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New Orleans Zephyrs left-hander John Halama finally crossed paths with the Buffalo Bisons Monday night. The Herd got a first-hand look at how he has baffled the American Association and Pacific Coast League the last two years.

Halama tossed a four-hitter as New Orleans clubbed Buffalo, 7-2, in Game One of the inaugural Triple-A World Series before an announced crowd of 4,142 at Cashman Field.

The best-of-five series against the Houston affiliate continues tonight at 11 (ESPN2, Radio 1520) with Buffalo lefty Mike Matthews (0-0, 4.50 in the postseason but 9-6, 4.63 in the regular season) meeting New Orleans lefty Derek Root (1-0, 2.84 in playoffs).

The teams take Wednesday off before staging Game Three Thursday at 3:30. The Bisons will be the home team tonight and in Game Four, if necessary, Friday night.

Halama got all the offensive help he needed from Zephyrs first baseman Daryle Ward, who torched Herd starter Jason Rakers for a pair of two-run homers. Rakers gave up six runs in 4 1/3 innings as he saw his six-game winning streak broken.

Halama went 13-3 with a 2.25 earned-run average last season and was the left-hander on the Association all-star team. But in 18 regular-season meetings between Buffalo and New Orleans, Halama never made an appearance. He was 12-3, 3.20 this year and widely believed to be the player to be named later in Houston's trade with Seattle for Randy Johnson.

Halama downplayed finally meeting the Bisons largely because the historic nature of the game had him very nervous. After struggling in warm-ups, he was even concerned he wouldn't last more than four innings. Going the route was beyond the realm of possibility.

"To have only one hit through six innings was amazing because they were hitting the ball hard," Halama said. "This is for the championship of Triple-A and I couldn't really shake it (the nervousness) at all until about the second inning."

Halama's wicked curveballs had Buffalo hitters flailing all night as he struck out nine and walked two. He allowed just one hit over the first six innings, a fourth-inning single by Jeff Manto, and retired 18 of the 20 hitters he faced.

"That was such a good job," said Buffalo manager Jeff Datz. "With our offense, when the heck was the last time somebody did that?"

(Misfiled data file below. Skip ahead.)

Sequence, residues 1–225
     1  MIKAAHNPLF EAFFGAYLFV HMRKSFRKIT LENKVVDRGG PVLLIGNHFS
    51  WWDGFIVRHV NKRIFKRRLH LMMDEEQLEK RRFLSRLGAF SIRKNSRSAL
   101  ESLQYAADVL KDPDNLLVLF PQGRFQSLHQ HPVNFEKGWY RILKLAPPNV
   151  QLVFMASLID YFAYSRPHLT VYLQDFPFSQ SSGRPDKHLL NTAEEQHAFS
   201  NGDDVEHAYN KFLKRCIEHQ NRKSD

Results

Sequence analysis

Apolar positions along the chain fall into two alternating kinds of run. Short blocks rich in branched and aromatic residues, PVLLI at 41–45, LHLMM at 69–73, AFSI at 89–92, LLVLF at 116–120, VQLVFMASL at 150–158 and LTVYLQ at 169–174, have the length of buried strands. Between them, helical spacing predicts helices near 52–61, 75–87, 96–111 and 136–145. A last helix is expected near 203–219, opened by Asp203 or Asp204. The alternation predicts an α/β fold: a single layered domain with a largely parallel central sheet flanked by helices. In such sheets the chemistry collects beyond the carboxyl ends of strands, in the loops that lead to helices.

"I had to try to keep them off my fastball," Halama said. "Hopefully (using the off-speed pitches) would open things up for me later in the count."

Rakers said he felt the same big-game jitters.

"I was shaking in the first inning," he said. "It just felt funny going against a team and hitters I hadn't seen before. You really didn't know what to expect. I faced Ward before in (Arizona) Fall League and he's a good hitter. I don't think I got him out there either."

Halama didn't allow a run until third baseman Russell Branyan's two-out, two-run homer to right in the seventh. It was the first Triple-A game of the season for Branyan, who played for Buffalo in last year's Association playoffs and has 95 home runs while playing Class A and Double-A ball the last three season in the Cleveland chain.

From the Bisons' perspective, it's a good bet they were thankful this nationally televised dud didn't start until 11:10 p.m. Eastern time. Any Western New York TV sets tuned in probably clicked off when the Zephyrs broke the game open with a five-run fifth inning that made it 7-0. It was highlighted by Ward's second home run of the night, a towering blast to right.

"I tried to come in and tie him up on his hands and it kind of leaked back out over the plate," Rakers said. "I have to tip my hat to him. I didn't have my best stuff and he hit me well. The guy was locked in."

The Zephyrs knocked out Rakers after Chris Truby's walk and Lance Berkman's single. Jim Brower, in his first Buffalo appearance, gave up Marc Ronan's two-run single and Carlos Hernandez's RBI single off the glove of a leaping Jolbert Cabrera at short.

Ward, who hit .305 with 23 homers and a team-high 96 RBIs during the regular season, has gone absolutely berserk in the playoffs. He hit three homers and drove in five runs in the Zephyrs' five-game victory over Calgary in the PCL championship series and is 17 for 38 in the postseason with six homers and 13 RBIs in nine games.

Rakers had given up just one earned run in 14 innings over his two postseason starts, but the Zephyrs quickly got to him in the first on Ward's opposite-field bolt over the 364-foot sign in left field.

"I didn't think Rakers seemed nervous," Datz said. "He just got frustrated and made a few bad pitches. He's thrown the ball great the last two months. It's unfortunate he didn't pick us up here tonight."

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